He talked with the supposed spirit: "Why, beautiful being, do you
shun me? Surely my face is not one to repel you. The nymphs
love me, and you yourself look not indifferent upon me. When I
stretch forth my arms you do the same; and you smile upon me and
answer my beckonings with the like." His tears fell into the
water and disturbed the image. As he saw it depart, he
exclaimed, "Stay, I entreat you! Let me at least gaze upon you,
if I may not touch you." With this, and much more of the same
kind, he cherished the flame that consumed him, so that by
degrees he lost his color, his vigor, and the beauty which
formerly had so charmed the nymph Echo. She kept near him,
however, and when he exclaimed, "Alas! Alas!" she answered him
with the same words. He pined away and died; and when his shade
passed the Stygian river, it leaned over the boat to catch a look
of itself in the waters. The nymphs mourned for him, especially
the water-nymphs; and when they smote their breasts, Echo smote
hers also. They prepared a funeral pile, and would have burned
the body, but it was nowhere to be found; but in its place a
flower, purple within, and surrounded with white leaves, which
bears the name and preserves the memory of Narcissus.
Milton alludes to the story of Echo and Narcissus in the Lady's
song in Comus. She is seeking her brothers in the forest, and
sings to attract their attention.
"Sweet Echo, sweetest nymph, that liv'st unseen
Within thy aery shell
By slow Meander's margent green.
And in the violet-embroidered vale,
Where the love-lorn nightingale
Nightly to thee her sad song mourneth well;
Canst thou not tell me of a gentle pair
That likes thy Narcissus are?
Oh, if thou have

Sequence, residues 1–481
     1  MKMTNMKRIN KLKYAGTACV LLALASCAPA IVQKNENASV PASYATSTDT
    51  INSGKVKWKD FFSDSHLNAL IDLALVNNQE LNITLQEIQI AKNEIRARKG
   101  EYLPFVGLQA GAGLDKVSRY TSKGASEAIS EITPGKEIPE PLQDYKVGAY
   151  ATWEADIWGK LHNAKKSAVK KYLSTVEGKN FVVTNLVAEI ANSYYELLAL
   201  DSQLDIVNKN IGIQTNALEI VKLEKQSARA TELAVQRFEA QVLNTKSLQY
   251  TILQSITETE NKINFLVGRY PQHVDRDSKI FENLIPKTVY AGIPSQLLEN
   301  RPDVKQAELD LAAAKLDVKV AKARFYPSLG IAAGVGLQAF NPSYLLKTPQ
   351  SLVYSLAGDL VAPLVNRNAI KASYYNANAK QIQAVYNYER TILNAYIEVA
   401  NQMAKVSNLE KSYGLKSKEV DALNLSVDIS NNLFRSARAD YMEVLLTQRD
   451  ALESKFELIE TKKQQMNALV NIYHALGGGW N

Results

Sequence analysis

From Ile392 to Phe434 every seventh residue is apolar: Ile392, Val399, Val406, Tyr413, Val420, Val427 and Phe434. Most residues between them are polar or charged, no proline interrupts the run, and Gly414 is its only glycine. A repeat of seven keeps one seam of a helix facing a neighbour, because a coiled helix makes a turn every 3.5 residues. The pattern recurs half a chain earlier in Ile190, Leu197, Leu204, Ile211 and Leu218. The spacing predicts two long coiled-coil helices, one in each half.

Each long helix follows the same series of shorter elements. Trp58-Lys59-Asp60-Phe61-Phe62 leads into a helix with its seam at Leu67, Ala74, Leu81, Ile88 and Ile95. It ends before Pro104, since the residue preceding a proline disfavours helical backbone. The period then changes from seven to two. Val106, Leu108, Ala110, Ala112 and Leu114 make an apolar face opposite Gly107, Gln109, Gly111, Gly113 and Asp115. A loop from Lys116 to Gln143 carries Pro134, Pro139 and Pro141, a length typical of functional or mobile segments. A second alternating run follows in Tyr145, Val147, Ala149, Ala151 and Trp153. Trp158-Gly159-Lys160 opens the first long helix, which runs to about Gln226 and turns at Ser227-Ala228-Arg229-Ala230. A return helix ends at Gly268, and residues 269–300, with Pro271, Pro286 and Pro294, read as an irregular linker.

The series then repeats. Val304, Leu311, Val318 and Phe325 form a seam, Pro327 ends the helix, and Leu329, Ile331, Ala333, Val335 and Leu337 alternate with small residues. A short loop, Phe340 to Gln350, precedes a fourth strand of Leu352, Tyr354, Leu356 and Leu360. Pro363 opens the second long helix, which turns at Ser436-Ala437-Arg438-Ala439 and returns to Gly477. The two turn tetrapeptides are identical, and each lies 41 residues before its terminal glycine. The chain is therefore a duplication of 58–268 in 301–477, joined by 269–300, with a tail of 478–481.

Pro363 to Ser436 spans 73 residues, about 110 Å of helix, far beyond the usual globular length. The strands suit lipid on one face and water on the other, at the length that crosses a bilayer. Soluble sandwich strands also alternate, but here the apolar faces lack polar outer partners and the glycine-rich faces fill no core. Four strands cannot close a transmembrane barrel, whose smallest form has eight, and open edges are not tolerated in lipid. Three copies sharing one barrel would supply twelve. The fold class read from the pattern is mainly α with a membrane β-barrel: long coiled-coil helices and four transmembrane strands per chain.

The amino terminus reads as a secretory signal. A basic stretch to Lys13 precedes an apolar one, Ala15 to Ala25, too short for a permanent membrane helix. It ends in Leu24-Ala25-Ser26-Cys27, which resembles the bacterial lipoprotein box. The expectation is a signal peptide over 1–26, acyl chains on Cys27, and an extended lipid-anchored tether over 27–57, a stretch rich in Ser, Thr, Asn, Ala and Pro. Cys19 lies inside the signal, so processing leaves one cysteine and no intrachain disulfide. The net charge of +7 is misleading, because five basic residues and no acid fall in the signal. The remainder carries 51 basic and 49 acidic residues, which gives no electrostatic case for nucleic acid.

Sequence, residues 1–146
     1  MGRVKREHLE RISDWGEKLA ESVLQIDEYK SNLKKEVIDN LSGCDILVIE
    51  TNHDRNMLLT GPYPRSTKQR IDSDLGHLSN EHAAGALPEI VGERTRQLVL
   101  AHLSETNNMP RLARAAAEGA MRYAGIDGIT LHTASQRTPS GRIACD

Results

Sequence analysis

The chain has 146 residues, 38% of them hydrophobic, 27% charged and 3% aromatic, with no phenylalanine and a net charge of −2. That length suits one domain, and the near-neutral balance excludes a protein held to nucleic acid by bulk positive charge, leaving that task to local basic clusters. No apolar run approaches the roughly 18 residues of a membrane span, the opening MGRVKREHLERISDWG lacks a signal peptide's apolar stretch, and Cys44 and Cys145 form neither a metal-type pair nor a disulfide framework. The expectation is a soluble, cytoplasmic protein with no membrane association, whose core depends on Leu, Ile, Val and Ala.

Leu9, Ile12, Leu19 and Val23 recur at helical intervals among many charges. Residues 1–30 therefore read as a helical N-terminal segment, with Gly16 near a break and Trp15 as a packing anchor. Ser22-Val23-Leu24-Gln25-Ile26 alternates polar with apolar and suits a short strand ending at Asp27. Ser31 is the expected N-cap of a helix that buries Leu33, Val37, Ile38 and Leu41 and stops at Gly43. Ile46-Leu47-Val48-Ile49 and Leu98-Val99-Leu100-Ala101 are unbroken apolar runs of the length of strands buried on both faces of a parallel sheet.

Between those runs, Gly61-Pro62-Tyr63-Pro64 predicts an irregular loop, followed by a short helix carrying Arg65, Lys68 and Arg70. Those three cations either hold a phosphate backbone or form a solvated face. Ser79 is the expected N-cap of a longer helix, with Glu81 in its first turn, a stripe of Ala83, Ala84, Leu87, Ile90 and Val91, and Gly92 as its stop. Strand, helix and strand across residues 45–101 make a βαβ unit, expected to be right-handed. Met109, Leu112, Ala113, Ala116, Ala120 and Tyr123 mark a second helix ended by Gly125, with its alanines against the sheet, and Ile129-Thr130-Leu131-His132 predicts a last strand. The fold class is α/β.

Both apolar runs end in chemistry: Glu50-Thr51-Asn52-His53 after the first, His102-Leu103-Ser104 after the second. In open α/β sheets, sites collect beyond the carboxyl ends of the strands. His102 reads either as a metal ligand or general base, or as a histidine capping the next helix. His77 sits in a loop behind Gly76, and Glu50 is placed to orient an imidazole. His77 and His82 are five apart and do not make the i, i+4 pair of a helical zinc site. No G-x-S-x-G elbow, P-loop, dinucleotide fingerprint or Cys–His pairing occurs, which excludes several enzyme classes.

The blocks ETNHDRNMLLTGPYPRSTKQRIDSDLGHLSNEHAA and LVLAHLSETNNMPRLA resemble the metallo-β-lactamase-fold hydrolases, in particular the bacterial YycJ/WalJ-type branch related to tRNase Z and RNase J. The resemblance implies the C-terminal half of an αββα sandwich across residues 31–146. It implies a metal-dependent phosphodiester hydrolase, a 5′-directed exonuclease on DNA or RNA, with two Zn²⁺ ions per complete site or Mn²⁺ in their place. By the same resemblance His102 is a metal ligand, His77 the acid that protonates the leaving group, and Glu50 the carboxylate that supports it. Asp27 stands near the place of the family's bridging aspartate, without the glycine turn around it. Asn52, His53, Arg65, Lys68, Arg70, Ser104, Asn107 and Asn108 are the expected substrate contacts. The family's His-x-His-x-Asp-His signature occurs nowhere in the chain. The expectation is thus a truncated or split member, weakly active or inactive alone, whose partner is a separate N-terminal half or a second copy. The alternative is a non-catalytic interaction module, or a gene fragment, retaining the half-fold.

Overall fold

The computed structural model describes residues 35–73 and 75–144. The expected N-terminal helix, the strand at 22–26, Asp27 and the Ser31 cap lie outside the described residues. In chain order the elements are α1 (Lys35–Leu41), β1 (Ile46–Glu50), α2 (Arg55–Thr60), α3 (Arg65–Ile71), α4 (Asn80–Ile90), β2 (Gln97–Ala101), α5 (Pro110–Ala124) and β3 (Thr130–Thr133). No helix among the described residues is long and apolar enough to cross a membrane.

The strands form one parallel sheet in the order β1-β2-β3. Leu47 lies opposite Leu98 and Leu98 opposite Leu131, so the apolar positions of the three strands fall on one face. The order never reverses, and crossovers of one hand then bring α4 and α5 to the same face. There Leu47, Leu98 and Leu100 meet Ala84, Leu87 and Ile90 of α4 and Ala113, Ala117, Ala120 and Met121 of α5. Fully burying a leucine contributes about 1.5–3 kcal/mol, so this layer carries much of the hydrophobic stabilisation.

Hid them in some flowery cave,
Tell me but where,
Sweet queen of parly, daughter of the sphere,
So may'st thou be translated to the skies,
And give resounding grace to all heaven's harmonies."
Milton has imitated the story of Narcissus in the account which
he makes Eve give of the first sight of herself reflected in the
"That day I oft remember when from sleep
I first awaked, and found myself reposed
Under a shade on flowers, much wondering where
And what I was, whence thither brought, and how
Not distant far from thence a murmuring sound
Of waters issued from a cave, and spread
Into a liquid plain, then stood unmoved
Pure as the expanse of heaven; I thither went
With unexperienced thought, and laid me down
On the green bank, to look into the clear
Smooth lake that to me seemed another sky.
As I bent down to look, just opposite
A shape within the watery gleam appeared,
Bending to look on me. I started back;
It started back; but pleased I soon returned,
Pleased it returned as soon with answering looks
Of sympathy and love. There had I fixed
Mine eyes till now, and pined with vain desire,
Had not a voice thus warned me: 'What thou seest,
What there thou seest, fair creature, is thyself.'"
Paradise Lost, Book IV
The fable of Narcissus is often alluded to by the poets. Here
are two epigrams which treat it in different ways. The first is
"ON A BEAUTIFUL YOUTH STRUCK BLIND BY LIGHTNING:
"Sure 'twas by Providence designed,
Rather in pity than in hate,
That he should be like Cupid blind,
To save him from Narcissus' fate"
The other is by Cowper:
"ON AN UGLY FELLOW
"Beware, my friend, of crystal brook
Or fountain, lest that hideous hook.
Thy nose, thou chance to see;
Narcissus' fate would then be thine,
And self-detested thou would'st pine,
As self-enamored he."